Što U?initi

May 31, 2011
People amble by, going about their daily business more slowly than usual. The warm air is fitted more for July than June, and everyone is taking advantage of it. Men and women walk arm-in-arm with each other. This is the first day in 1914 where one needn’t be worried about a coat.

Suddenly, an expensive-looking car screeches to a stop outside the window of the café I work in. The man inside looks like the Archduke of my home country. I could tell because of his distinctive walrus mustache and the way he looked at the beautiful lady sitting next to him. What other royal couples actually loved each other? The guards in Austrian uniforms confirm my thoughts. It’s the Archduke of Austria-Hungry, Franz Ferdinand. Earlier today a grenade was thrown at him and his wife. Now they’re stupid enough to go visit the wounded in a nearby hospital. Seemingly, the driver has gotten lost and made a wrong turn, only to stall outside of my café. As the archduke’s gleaming black car slowly prowls down the street, hundreds of bodies quickly pressed in close, as close as they can.

The busy café suddenly empties as every single customer and employee rushes to get a glimpse of Austria’s Archduke. Finally, I can’t resist and follow everyone out. After all, I am the only Austrian citizen here. That’s when I see him: Gavrilo. My first friend, the only reason I live in Sarajevo. His black shoes seem to click on the cobblestones as he weaves his way to the car. No one notices; they are too entranced to care. He sees me staring and put a finger to his lips. I stand there like a statue, my light paisley skirt blowing around my slender legs, my hair unruly black hair curling in my eyes. Everything seems to happen in slow motion.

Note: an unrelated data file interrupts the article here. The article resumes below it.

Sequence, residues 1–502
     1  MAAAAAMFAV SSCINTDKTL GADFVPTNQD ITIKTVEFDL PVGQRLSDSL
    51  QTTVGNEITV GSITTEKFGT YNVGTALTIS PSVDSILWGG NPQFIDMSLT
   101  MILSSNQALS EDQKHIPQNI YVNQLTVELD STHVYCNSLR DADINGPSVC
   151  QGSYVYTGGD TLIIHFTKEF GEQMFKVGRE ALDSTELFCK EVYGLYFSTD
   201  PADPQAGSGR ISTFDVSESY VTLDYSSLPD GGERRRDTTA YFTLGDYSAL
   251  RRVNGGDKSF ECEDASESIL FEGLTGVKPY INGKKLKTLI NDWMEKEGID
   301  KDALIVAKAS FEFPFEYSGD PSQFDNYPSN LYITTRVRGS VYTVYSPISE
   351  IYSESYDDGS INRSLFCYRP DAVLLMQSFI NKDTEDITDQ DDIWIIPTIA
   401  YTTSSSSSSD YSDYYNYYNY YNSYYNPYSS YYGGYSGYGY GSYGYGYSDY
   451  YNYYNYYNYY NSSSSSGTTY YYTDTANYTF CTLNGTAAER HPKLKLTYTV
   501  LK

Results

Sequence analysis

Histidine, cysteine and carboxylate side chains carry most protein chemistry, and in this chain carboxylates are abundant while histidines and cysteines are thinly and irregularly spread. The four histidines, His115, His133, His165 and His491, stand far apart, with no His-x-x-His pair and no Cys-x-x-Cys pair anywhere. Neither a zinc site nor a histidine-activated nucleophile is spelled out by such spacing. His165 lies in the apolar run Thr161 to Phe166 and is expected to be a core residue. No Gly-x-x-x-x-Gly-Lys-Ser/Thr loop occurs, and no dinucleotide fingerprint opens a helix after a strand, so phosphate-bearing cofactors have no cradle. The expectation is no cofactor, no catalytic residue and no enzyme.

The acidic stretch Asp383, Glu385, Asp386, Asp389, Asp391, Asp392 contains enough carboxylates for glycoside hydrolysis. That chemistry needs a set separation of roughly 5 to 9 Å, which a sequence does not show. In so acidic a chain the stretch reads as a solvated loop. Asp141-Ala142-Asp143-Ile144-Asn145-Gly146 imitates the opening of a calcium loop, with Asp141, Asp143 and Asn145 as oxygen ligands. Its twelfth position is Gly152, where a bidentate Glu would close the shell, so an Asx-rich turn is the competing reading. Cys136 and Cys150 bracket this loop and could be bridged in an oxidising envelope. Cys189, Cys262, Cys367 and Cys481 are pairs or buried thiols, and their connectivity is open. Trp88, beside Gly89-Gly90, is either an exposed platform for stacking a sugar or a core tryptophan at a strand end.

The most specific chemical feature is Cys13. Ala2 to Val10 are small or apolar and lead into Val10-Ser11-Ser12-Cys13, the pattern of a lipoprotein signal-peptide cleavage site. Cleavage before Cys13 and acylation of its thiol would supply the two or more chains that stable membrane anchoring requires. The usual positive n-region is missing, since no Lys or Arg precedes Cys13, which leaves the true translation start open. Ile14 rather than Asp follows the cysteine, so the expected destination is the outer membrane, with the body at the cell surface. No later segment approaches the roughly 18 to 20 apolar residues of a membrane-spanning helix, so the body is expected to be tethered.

Gavrilo reaches into the pocket of his gray coat and adjusts something. He squeezes his way through the crowd, abruptly appearing in a space by the Archduke. As his hand whips out I see a gun: a silver, shinny, cruel thing that can kill a man as easy as water puts out a fire. And he does, he fires the gun. Two shots later, the Archduke and his wife are in a pool of blood. How could I have not seen this in Gavrilo?

Frozen, I watch as guards swarmed in. I can’t see anything; I don’t understand what is happening. The wind, seemingly so warm seconds before, seems to change in temperature. Suddenly, it isn’t gentle; it is painfully whipping the sounds of screams down the street. Hands shove me inside the café as the royal guards lift the limp bodies from the car.

The Archduke appears dead, but Sophie was still breathing. Everyone was rushes to revive the Archduke, leaving Sophie lying alone and forgotten on an ugly red sofa in the back of the room. Her blood drips from a hole in her stomach, slowly blending the woman and the sofa together. I could have stopped this, so I must make it better. As I walk over to help, I can hear the Archduchess talking. She was whimpering really, not aware of what ges on around her.

“I failed him!” she cries hysterically, “He told me to live to save our children! And I can’t even do that!” Gasping for air, she notices me attending to her. “Is he OK?” she rasps, “Is Franz alive?”

I can’t bring myself to lie. I shout the word behind me as I rush to get a tablecloth to use as a bandage. “No.”

Hearing this, her face twists into pain beyond what any being should have to feel. I instantly regret telling her. She should have lived the last minutes in her life peacefully, I think. But it is too late, the damage is done.